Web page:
(If you need it, this is your warning that this post touches on eating disorders and body image.)

Any spiritual path worth pursuing is going to have a foundation of core tenets.  In my case, the ideas responsibility and accountability are the rocks on which everything else is built.  Over the years, I think I’ve done a decent job of upholding those two things.  There may have been missteps and errors along the way (hey, human here!), but I’ve learned these lessons pretty well. There is no blaming others or circumstances when my actions and choices have lead to unwanted consequences.  Even when circumstances are entirely beyond my control, how I respond to those circumstances is still my choice and I am accountable for that choice.

All of this being responsible and accountable works well overall… until it comes to my relationship with food.  The minute food enters the equation, those tenets become a fiery train-wreck.  There’s a few reasons for this – food scarcity as a kid, an abundance of food being closely associated with celebrations and love, and many years of emotional eating as a result. I tend not to take any responsibility for what, when and how I eat;  holding myself accountable for my relationship with food simply does not happen.  The thought of doing so scares the hell out of me because I know that, even with serious chronic health issues, this is the area where I am least healthy.

When you have a dysfunctional relationship with food, you cannot hide it over the long term. If your waistline doesn’t give it away, then your eating habits will.  A friend who had stayed with me for a few weeks pointed out how very different the food I talked about eating was different than what I’d cooked for her.  I’d fed her made-from-scratch bread, healthy lean proteins, whole grains, and vegetables.  I talked about (and ate) whatever junk was available, with little thought to the consequences or nutritional value. Do I usually give thought to any responsibility I might have for this dietary mess?  Not really.

With the new year, I began to make efforts to change how I nourish my body, to take as much responsibility for what goes into my mouth as for what comes out of it. Because there has been a disconnect between the spiritual and physical for a long time, one of the things that I am trying to do is to bring a spiritual element into the larger plan. I fell out of the habit of saying a prayer over mundane meals long ago, so it seemed a good place to begin. I am working on other ideas on how to make this connection between body and spirit, but those will be stories for another day.  For now, to begin is enough.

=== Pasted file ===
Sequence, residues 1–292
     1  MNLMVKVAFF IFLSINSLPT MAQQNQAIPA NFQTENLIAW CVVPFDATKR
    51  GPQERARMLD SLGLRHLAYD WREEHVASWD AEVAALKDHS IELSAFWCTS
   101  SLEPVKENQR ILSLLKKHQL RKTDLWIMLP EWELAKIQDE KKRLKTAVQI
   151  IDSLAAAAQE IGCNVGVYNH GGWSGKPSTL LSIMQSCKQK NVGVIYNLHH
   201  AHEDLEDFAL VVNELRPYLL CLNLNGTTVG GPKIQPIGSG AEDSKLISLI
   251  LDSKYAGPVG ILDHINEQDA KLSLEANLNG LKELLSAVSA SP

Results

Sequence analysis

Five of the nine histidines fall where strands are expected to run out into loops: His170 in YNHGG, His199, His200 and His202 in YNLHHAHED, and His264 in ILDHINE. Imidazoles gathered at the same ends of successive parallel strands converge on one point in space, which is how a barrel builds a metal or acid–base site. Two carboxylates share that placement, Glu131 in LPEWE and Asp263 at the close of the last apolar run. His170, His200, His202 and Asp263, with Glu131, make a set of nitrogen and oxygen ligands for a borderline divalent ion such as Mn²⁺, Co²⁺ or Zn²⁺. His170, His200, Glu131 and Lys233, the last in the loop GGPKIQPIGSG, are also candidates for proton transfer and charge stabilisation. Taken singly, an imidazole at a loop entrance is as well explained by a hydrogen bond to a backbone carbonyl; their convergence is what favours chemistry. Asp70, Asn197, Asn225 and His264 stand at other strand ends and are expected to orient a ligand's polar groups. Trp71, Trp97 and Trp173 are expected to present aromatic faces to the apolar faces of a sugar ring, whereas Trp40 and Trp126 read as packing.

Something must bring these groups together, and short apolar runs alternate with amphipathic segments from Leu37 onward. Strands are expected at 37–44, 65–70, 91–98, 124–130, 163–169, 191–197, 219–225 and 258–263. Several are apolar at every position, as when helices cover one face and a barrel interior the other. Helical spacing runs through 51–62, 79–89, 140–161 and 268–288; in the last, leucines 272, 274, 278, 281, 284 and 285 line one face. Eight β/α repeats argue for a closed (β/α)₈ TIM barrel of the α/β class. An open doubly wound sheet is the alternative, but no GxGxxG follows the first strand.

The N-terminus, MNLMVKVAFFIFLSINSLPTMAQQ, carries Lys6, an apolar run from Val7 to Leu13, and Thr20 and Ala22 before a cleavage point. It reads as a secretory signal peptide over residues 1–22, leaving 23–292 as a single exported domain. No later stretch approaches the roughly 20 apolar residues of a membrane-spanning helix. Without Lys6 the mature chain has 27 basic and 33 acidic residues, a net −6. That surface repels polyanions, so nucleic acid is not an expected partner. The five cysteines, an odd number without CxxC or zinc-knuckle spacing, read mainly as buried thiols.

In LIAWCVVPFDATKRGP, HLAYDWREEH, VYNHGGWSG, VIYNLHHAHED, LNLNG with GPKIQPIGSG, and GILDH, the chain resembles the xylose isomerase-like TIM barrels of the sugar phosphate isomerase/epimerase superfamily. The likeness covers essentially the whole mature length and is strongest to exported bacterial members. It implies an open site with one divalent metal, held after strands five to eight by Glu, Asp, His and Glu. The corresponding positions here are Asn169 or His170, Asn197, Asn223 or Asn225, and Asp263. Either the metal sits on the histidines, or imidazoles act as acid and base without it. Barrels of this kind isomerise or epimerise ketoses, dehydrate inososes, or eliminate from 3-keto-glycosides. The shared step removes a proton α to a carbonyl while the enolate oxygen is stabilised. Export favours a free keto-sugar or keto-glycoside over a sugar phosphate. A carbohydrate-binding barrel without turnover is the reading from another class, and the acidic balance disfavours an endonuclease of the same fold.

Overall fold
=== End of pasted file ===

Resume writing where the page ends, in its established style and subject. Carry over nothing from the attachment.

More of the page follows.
In From the Cold

Photo Credit: Pexels
Photo Credit: Pexels

Winter brings a time of introspection and withdrawal from the outside world. The weather does all that it can to encourage this behavior.  Even as I type this, rime ice coats the surrounding mountain ridges and the temperatures are cold enough that sitting near the window calls for a cozy sweater.  These are the kinds of nights that I am content making a ritual out of sitting by candlelight with a warm mug of spiced wine and letting my thoughts wander where they will.

Most of my 2018 winter musings have been focused on the misadventures of the last three years. The Very Serious IllnessesTM  have been mentioned in previous posts, as has the loss of Sam.  There have been other things that I’ve had neither the will or courage to put into words –  the violence that left a friend’s family shattered, the separation from my former employer, the unexpected loss of my sister.  These are bleak things to mull over on dark and cold winter’s night.  They are full of shadows and cold darkness and do little to dispel the gloom of the season.

Instead of returning to these phantoms of the past again tonight, I’ve spent the evening writing up my vision for the coming year- all the things that I’d like to happen, do, or be in 2018.  There’s a lot on there and it ranges wildly from the frivolous (crocheting a pair of yoga socks) to the deadly serious (remission continuing through the entire year).  It isn’t precisely a list of goals or resolutions but it may represent the beginning of one, with a little editing and polish. More than anything, it’s been an opportunity to let my thoughts wander to things, if not happier, then at least in from the cold world of loss.  And who knows? By this time next week, I  may actually have that list of goals written.






Photo Credit: Pexels

Months have passed since my last post and I have spent many hours attempting to say whatever thing that comes next.  Posts have been started, deleted, restarted, and trashed again. I lose the thread of my thoughts more quickly than I can type out the words. Self-doubt frequently inserts itself into the middle of a sentence and leers up at me from the page. Posts are abandoned in various states of non-completion, sometimes as only a nebulous title, sometimes as meandering paragraphs.